And yet, willing to date him. "I think he charmed me because he wasn't trying to be charming," Barbara says. "Most guys try to come up with a line—try to sound smart or funny. He didn't do either. He was just being himself. I liked that."
Compton didn't bring up his medical condition right away. In fact, Barbara's major concern early on was the presence in Erik's apartment of his ex-fiancee's belongings. "She had left stuff behind," he says. "I just hadn't had the energy to get rid of it."
Their relationship flourished even after Erik told Barbara he was waiting for a heart transplant. "I cried a lot of nights after he told me," she says. "But I was already committed emotionally by then. I think the first thing I felt was sad for him—it was going to be so difficult no matter what happened. Honestly though, I never thought about leaving or running away. It really wasn't a choice at that point."
The first time Barbara met Erik's parents was at their house. After dinner, Peter Compton casually waved Barbara over to where he was sitting.
"He said, 'You know no one will judge you if all of this is too much for you. Everyone, including Erik, would understand.' I told him I loved his son, and I wasn't going anywhere."
Erik believes that Barbara's presence in his life played a major role in the fact that he survived until a heart was found for him.
"We were so different," he says. "Honestly, I wasn't in a very good place right then. The only thing that kept me sane was spending time with her. She was going to school during the day and working at night. I'd make her sandwiches, pick her up after work, and we'd spend time together. Part of me was in denial: I actually thought at times I could somehow reverse the damage and not need the transplant. Another part of me was thinking I was probably going to die. What was great about Barbara was that there was no damage in her outlook on life. I think she was completely convinced from the minute I told her what was going on that I was going to be fine."
He smiles. "Turned out, not all angels look like Shaquille O'Neal."
There were nights when what Compton faced hit him hard.
He knew a second transplant would be more difficult than the first—if he got that far. He would lie in bed, trying to sleep—unsuccessfully—then get up, walk to his balcony and wonder what was going to happen. On some nights he got into the BMW 650i that lifelong friend Michael Hanzman had leased for him. I-95, often a parking lot during the day, was empty well after midnight. Compton would put the car in gear and go—fast, faster, fastest.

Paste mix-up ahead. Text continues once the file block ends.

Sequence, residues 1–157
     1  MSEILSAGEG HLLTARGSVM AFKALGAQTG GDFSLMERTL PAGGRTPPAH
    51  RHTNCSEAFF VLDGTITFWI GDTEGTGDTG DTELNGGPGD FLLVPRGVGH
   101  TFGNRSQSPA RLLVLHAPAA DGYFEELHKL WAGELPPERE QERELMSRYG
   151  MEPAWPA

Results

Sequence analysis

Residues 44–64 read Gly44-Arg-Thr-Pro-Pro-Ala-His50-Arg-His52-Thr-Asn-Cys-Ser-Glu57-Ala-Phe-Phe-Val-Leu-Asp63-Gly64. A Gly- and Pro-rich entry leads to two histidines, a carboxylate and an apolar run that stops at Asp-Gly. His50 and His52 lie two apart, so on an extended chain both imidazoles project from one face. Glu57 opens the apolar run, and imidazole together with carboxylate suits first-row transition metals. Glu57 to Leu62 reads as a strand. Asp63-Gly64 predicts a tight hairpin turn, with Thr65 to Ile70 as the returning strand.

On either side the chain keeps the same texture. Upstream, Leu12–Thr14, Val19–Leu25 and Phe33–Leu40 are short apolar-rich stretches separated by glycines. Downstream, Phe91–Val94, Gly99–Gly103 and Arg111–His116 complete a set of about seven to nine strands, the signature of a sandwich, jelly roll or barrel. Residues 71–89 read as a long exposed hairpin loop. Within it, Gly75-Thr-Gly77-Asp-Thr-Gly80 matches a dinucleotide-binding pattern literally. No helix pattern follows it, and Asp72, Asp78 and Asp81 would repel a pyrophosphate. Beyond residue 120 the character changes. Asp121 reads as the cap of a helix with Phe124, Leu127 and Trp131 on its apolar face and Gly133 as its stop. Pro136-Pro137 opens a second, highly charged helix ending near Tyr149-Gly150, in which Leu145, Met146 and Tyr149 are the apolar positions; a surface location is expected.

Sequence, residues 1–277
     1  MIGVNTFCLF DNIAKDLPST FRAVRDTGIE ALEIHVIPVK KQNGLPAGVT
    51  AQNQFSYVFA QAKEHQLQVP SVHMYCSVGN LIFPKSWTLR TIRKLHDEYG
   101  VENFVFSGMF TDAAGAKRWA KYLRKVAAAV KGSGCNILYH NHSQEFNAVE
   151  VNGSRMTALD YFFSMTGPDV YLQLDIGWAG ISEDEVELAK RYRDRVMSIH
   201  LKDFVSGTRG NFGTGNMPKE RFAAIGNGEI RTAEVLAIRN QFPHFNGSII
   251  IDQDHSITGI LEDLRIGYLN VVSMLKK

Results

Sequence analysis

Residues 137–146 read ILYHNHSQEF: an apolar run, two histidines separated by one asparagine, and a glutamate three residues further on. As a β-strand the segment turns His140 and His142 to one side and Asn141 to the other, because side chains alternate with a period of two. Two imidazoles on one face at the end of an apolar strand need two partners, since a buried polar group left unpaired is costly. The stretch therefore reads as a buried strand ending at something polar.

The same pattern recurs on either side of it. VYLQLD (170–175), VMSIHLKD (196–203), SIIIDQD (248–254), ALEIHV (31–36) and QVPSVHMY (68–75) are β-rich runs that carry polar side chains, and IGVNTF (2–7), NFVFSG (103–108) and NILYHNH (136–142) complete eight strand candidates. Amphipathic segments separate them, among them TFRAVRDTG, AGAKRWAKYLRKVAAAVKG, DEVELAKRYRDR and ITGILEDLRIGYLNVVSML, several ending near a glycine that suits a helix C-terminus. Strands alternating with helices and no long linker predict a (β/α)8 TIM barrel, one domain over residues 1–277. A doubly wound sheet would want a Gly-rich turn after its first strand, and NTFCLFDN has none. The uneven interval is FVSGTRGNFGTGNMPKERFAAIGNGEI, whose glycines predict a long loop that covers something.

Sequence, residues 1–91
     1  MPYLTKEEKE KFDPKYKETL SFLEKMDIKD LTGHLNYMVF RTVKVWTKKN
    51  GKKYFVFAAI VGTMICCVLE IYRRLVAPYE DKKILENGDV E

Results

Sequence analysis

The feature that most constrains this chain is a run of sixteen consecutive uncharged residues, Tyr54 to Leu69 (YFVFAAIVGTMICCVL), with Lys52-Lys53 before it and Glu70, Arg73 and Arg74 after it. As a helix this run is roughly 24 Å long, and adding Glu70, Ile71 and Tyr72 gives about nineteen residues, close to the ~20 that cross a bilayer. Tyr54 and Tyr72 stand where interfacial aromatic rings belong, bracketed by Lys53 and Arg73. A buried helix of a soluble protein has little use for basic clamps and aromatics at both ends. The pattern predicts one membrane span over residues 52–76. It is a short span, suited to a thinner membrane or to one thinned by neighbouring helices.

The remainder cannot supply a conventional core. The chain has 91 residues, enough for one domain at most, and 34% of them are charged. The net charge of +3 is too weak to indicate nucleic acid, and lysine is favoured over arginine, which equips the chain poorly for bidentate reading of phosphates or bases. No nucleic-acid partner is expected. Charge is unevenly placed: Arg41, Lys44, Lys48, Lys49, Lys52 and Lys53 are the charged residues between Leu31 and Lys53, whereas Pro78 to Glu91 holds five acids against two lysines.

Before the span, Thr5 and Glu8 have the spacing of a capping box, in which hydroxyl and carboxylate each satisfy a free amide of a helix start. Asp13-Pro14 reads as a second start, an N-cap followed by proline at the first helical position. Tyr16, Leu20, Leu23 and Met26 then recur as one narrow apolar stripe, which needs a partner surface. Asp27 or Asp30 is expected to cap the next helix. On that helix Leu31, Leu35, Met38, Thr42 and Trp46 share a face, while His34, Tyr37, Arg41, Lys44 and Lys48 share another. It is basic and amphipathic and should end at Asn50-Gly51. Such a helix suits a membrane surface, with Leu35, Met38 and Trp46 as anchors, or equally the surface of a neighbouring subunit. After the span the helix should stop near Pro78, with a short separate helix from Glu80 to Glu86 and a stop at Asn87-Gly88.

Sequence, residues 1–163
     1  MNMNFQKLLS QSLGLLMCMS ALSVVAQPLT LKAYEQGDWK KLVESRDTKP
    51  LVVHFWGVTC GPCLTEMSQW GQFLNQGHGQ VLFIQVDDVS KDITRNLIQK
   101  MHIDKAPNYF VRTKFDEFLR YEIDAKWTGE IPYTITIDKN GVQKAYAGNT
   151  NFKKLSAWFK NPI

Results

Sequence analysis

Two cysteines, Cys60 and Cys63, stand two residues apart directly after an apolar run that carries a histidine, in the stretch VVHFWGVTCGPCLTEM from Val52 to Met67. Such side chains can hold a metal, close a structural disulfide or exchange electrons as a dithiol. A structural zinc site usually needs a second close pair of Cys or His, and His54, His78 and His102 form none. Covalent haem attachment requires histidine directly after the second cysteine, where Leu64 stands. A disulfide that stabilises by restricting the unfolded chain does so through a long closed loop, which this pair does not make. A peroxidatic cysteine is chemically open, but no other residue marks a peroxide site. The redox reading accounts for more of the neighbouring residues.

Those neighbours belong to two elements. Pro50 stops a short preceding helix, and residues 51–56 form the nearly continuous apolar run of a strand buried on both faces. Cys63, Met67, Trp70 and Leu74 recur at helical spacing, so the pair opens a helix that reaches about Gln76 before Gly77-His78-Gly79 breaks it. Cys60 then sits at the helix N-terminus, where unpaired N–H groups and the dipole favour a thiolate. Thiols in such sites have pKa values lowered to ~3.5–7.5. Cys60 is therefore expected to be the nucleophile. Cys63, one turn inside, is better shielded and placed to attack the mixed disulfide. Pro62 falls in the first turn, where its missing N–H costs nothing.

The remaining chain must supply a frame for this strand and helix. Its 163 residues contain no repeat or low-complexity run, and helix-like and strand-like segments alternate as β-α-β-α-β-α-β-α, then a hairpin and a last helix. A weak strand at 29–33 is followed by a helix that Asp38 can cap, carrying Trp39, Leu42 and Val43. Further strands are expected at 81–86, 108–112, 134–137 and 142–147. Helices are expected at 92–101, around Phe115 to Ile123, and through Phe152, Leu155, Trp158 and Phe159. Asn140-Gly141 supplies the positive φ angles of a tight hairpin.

"I got it over 150 on a number of occasions," he says. "There were moments when I was flat-out reckless. I thought the chances were good I was going to die anyway, so what difference did it make? "If you think about it, clearly I was nuts. Now when I go for a drive by myself, it's usually through neighborhoods where I think I might want to buy a house or a lot someday. I go very slowly because I'm studying the houses or the location. Now I'm like anyone with a family. I think about moving into my dream house someday. Back then, it was the farthest thing from my mind."
Happily married and the father of 4-year-old Petra, Compton understands that his future isn't as certain as that of many other young fathers. But he chooses not to focus on that because there isn't much point. On the one hand, he's only 33. On the other hand, it has been five years since his second transplant.
"When I look in the mirror, I don't see someone who's young looking back at me," he says. "I don't feel like I'm a young person. I've lived a lot of life—a lot more life than people might have thought I was going to live.
"I'm very happy to be who I am right now. There are plenty of days when I wake up and don't feel good [because of headaches, fatigue, allergies and sinus infections]. I have to constantly monitor myself and be aware of what my body is telling me. But for me, that's normal. It's been that way for years. I know that 100 percent for me doesn't feel the same as 100 percent for someone else. But it's enough.